Why am I researching the viva?

Well, there might be a clue in the name of this site… But more seriously, here’s why I’m doing what I’m doing.


A few days ago I set a survey in motion asking seven quick questions of PhD graduates from UK universities. I talk to a lot of people about the viva – some of them are graduates, and I try when possible to interview them for this podcast – but most of them are candidates. They’ve worked hard for three or more years, become experts in their field, and then I meet them at workshops where some of them are terrified that their world is about to come crashing down. Having spoken to quite a few PhD graduates there are stories and experiences I can pass on, but sometimes the “official” stats seem unclear. I thought it might be interesting to capture a snapshot of what PhD graduates from the last fourteen years have been through – both to see what the stats are, and to see what kind of a picture it creates. And who knows, there might be some interesting things in the data!


I’ve created a survey with seven quick questions which you can find at tinyurl.com/VivaSurvivorsSurvey – it is a Google Form which outputs to a spreadsheet which I’ll perform some data analysis on. I’ve kept the questions to a minimum, but think that this will be enough to find some interesting results. In a later post I’ll talk about some of the questions I’m planning to ask (and it would be great to hear from you if you have any thoughts about what I might try to look for). At a minimum I’m eager to see whether the impression on lengths of viva that I’ve seen anecdotally match a larger data set, and I also want to see if there are any correlations between lengths of viva and impressions of the experience. I’m curious to see if there are any common factors that cause clustering in the data as well.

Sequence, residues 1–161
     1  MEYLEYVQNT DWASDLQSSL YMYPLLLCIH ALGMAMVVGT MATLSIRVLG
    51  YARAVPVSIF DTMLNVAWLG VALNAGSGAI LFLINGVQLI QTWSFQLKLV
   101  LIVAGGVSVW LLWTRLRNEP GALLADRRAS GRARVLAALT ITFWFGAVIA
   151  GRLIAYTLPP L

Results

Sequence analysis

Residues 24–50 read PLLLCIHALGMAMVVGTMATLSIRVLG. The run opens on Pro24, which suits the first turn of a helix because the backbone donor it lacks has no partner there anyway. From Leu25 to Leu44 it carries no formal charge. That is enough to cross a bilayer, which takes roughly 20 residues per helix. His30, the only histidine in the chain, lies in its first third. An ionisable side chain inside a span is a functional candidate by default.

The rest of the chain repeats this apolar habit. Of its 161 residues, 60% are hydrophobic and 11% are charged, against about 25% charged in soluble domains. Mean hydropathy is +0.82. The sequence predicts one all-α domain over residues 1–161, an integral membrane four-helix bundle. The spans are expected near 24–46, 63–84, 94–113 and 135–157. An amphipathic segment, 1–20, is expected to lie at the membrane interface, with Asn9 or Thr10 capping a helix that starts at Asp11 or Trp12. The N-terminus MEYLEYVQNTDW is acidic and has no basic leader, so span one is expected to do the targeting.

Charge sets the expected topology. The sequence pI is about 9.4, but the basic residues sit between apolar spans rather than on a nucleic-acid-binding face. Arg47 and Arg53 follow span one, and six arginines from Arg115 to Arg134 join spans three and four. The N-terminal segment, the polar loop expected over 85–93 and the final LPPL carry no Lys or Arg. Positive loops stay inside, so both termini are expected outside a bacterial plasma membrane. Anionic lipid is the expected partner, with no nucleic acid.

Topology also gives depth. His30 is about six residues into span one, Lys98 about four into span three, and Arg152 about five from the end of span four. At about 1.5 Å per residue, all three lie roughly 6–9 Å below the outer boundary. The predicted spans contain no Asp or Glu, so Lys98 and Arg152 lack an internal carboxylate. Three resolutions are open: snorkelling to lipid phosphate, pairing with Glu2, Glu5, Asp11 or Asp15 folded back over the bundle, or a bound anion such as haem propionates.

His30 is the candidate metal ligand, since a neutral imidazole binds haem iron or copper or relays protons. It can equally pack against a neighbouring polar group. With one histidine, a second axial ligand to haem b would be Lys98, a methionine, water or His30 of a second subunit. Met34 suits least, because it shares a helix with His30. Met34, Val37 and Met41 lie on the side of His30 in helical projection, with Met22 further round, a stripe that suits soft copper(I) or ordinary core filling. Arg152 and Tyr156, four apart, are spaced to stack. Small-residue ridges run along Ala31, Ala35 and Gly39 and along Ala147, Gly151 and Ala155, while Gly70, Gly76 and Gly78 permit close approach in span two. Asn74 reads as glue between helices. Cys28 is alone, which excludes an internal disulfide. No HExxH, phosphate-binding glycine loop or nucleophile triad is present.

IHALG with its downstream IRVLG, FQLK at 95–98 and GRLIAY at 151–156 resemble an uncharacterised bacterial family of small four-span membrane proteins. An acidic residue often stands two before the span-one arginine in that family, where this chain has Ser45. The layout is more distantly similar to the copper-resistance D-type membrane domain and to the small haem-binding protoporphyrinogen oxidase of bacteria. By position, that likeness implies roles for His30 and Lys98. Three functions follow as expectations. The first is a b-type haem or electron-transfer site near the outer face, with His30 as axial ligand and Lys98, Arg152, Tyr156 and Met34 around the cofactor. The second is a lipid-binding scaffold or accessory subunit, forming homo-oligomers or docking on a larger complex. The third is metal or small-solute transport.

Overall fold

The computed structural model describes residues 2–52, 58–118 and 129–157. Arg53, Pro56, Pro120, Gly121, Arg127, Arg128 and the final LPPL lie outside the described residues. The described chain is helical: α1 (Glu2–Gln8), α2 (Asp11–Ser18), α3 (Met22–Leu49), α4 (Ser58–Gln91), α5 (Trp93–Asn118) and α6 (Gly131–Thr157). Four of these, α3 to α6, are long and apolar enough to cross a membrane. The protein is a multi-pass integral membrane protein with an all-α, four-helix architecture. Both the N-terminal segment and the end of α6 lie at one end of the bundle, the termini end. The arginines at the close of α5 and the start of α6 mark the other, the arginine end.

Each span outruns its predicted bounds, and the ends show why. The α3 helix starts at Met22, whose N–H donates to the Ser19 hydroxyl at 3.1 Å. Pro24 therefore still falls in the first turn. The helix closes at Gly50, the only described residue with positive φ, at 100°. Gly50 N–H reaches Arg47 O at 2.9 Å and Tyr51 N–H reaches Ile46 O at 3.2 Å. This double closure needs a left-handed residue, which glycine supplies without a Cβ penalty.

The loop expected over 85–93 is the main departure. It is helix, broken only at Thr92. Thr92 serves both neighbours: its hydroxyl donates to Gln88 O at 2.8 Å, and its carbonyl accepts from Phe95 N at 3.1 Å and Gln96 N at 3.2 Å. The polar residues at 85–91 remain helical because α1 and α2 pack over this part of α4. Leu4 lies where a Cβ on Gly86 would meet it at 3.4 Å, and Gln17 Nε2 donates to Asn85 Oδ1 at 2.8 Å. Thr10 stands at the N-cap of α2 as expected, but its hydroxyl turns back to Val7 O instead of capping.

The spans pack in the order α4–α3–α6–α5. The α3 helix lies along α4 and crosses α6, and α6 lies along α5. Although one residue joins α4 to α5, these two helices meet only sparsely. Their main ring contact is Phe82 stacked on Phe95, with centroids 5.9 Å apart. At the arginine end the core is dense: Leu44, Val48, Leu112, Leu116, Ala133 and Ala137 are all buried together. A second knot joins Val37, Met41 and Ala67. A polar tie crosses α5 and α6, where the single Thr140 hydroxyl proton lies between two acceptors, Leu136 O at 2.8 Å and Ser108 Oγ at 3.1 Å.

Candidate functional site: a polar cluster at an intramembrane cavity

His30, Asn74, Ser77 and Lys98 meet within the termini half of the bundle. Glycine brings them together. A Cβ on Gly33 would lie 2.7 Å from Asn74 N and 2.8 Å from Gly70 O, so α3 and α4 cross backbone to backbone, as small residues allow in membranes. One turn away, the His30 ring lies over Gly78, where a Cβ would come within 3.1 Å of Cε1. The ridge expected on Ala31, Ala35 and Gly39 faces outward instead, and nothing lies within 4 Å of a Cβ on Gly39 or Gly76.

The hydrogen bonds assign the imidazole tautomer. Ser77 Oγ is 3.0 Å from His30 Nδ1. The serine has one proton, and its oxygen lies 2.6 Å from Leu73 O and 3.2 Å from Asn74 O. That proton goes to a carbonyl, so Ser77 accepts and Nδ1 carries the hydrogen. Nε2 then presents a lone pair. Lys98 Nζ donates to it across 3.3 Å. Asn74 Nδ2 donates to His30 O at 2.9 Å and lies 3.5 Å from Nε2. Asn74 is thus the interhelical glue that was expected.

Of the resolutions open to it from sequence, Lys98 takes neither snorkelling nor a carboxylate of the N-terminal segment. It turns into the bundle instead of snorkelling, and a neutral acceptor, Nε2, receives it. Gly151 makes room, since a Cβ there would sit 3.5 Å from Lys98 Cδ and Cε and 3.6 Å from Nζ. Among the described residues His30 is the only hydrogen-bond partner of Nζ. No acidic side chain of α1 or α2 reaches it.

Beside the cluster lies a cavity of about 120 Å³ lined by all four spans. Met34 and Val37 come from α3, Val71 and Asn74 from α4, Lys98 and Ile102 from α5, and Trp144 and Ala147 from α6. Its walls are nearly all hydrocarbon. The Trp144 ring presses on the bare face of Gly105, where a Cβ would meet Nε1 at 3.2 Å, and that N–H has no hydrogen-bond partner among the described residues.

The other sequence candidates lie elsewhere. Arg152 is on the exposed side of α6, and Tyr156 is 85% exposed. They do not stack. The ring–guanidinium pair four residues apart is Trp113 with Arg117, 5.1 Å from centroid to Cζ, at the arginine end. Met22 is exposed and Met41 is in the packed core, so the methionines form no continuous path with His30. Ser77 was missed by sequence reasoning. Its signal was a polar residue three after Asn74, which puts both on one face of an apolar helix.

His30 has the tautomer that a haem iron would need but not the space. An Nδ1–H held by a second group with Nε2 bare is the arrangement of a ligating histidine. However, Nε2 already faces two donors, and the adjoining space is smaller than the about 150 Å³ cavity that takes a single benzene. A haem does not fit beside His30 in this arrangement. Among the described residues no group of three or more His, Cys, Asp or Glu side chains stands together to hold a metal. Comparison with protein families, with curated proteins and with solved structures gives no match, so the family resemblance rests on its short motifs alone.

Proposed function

The reason for these posts and the flurry of tweets and shares is that I need your help! According to some data in a recent Times Higher article there were in the region of 200,000 PhD graduates from UK universities in the period that I’m interested in. According to a handy sample size calculator I found online I need at least 400 respondents before I can start to expect that the results I’ll get will reflect reality. And the more I get, the more confident I – and others – can be in the conclusions I draw. My plan is to collect data until the end of April and then start to seriously analyse the information I’ve got (although I’ll be converting data before then) before I start to release what I’ve found.

My first goal is to release the results as a series of blogposts and pdfs via my websites, and also to use the results in the viva prep workshops that I run. But there must be other interesting things that could be done, and again, if you have any thoughts, please let me know! I want the results of this research to be really valuable for PhD candidates at UK universities.

How You Can Help

If you had your PhD viva at a UK university between 2000 and 2013, then please take two minutes to fill in the survey at tinyurl.com/VivaSurvivorsSurvey. If you’re on Twitter, Facebook, LinkedIn, Google+ then please consider sharing the survey among your network. Or if you know a PhD graduate whose data would help the survey, please tell them. Every contribution and share will help this research and will ultimately help PhD candidates know what to expect about their viva.

Thank you for your time in reading this!

Nathan (email me here, find me on Twitter here and here)